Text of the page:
Marketing your online shop is a combination of art and science, with science being the attempt to quantify the impacts of the art. Marketing Analytics 101.
Understanding what is and isn’t working in your marketing initiatives will help you apply what you’ve learned to future projects.
This is where marketing analytics comes into play. You may gain more detailed insights about your consumers, the kind of things they buy, and how they interact with your marketing and utilize that knowledge to increase your sales.
What is marketing analytics?
Traffic, clicks, transactions, and bounce rate are the metrics (marketing campaign analytics) that show you how well a marketing effort like a Facebook ad, email, or blog post worked. You may decide on future campaigns more effectively by analyzing this data.
You may monitor certain marketing activities using campaign analytics at each stage of the consumer journey both within and outside of your marketing channels, such as:
- Ads: e.g., how many click-throughs were generated by variations A, B, and C of the same ad.
- Social media: e.g., whether your Instagram traffic is coming from the link in your bio, your Stories, or a specific Instagram ad.
- Affiliates and influencers: e.g., how many purchases can be credited to a specific YouTuber’s product review?
- Email marketing: e.g., how many sales you recover at each step in your abandoned cart email sequence.
Why marketing analytics matter
Based on the tracking parameters (like? utm source=google) appended to the URL they clicked, you may trace the origins and behavior of visitors to your site in much greater detail using marketing campaign analytics.
Be precise about what is working (and isn’t).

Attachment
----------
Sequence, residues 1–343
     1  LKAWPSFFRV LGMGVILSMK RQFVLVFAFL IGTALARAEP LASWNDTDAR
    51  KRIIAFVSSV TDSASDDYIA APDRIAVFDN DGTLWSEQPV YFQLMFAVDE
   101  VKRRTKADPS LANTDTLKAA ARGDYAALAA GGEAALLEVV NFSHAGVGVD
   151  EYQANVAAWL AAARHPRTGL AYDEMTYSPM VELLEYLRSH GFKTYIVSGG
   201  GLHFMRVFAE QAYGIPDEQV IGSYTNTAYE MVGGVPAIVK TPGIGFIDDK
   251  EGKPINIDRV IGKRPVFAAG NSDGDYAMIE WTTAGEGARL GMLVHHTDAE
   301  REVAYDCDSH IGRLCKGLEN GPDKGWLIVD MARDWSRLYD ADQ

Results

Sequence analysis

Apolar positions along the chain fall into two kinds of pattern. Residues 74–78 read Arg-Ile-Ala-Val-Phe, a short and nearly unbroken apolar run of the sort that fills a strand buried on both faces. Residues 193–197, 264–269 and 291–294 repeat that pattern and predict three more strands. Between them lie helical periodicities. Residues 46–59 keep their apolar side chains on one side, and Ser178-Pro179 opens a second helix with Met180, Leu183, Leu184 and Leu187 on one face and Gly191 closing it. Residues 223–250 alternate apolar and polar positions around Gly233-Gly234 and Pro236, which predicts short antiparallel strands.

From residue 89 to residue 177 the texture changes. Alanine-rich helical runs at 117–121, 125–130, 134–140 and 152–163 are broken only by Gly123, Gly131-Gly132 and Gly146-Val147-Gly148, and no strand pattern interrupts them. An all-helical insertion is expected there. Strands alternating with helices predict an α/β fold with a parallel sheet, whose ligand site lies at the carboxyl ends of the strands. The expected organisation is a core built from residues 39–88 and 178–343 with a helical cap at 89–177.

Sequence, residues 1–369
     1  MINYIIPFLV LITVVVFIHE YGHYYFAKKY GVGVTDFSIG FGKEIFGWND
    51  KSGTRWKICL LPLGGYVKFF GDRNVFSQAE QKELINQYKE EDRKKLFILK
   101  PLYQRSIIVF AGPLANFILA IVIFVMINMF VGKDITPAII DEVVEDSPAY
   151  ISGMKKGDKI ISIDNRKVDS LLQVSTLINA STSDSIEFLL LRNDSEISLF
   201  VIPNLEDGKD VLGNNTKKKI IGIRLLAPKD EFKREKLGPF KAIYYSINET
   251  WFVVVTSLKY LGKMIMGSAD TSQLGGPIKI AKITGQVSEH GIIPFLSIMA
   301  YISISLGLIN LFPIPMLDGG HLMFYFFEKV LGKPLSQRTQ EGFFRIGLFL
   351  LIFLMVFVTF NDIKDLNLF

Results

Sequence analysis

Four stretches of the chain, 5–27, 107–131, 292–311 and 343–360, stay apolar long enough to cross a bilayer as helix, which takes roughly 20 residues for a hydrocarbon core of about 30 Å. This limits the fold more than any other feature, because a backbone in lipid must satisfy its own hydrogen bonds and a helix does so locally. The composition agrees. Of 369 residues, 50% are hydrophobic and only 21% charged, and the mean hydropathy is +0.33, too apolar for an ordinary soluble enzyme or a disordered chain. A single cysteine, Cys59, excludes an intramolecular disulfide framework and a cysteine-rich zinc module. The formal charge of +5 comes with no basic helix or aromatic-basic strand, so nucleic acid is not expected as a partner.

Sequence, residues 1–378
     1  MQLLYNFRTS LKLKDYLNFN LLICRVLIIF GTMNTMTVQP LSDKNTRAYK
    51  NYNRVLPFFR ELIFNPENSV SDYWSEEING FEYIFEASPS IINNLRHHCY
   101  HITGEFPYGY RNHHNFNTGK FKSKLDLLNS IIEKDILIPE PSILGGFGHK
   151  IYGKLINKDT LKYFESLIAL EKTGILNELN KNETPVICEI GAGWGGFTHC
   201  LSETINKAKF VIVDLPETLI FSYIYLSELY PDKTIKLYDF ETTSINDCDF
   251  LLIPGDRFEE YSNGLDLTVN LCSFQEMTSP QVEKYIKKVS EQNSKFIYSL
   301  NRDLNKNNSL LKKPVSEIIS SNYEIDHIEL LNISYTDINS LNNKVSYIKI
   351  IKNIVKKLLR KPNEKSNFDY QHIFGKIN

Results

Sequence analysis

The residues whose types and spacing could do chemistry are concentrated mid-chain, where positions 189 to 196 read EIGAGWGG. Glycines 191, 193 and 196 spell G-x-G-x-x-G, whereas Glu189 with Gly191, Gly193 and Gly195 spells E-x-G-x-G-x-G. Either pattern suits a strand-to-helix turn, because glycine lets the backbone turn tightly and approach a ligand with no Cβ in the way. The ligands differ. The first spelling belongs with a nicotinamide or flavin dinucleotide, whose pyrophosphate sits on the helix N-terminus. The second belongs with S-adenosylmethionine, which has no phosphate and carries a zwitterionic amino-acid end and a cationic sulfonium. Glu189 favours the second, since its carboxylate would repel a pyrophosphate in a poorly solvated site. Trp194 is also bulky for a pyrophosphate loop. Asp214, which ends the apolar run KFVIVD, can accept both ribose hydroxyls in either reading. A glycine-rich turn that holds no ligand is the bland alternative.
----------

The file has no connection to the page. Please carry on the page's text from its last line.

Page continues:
Marketing campaign statistics allow you to track sales from certain search engine keywords that you have bid on, as well as “sales from Google Ads.” not only “email clicks,” but clicks on a particular email link. visits through a link in your bio, not only “Instagram traffic.”
You may be as specific as you like.
Make wise investment choices by doing your research.
With the aid of marketing campaign analytics, you can categorize visitors to your website according to their origin, target demographic, content type, links clicked, and other factors. You can also combine visitors from different channels and landing pages that are part of the same campaign.
This enables you to evaluate and contrast the effectiveness of online marketing and the actions of particular visitor segments.
Take steps to achieve your business goals.
When you use analytics monitoring, you can zoom in on how certain investments, experiments, and techniques are doing before zooming out to make choices about budgeting, process improvement, and overall business strategy.
How to use marketing analytics to grow your shop
You have access to certain marketing metrics already. You may get information about your marketing in their analytics if you use Shopify, Google Analytics, or any other advertising or email marketing platform.
Understand which metrics to track
These measures, known as key performance indicators (KPIs), are important to you. Your business and overall marketing plan will determine the KPIs you employ. Marketing analytics will be seen differently by a software firm than by a shoe manufacturer.
For many ecommerce businesses, that might mean:
- Email opens
- Conversion rate
- Average order value
- Purchases from new customers
- Repeat purchases from existing customers
Ensure that the marketing data you are gathering is of good quality.
Never can data be completely accurate or pure. There are always openings and blind spots. However, by proactively employing tracking parameters to at least track your KPIs, you may improve the quality of your data sets.
Without campaign monitoring, your insights will stay limited, and without a reasonable traffic segmentation plan and methodology, your analytics may easily devolve into a disorganized jumble.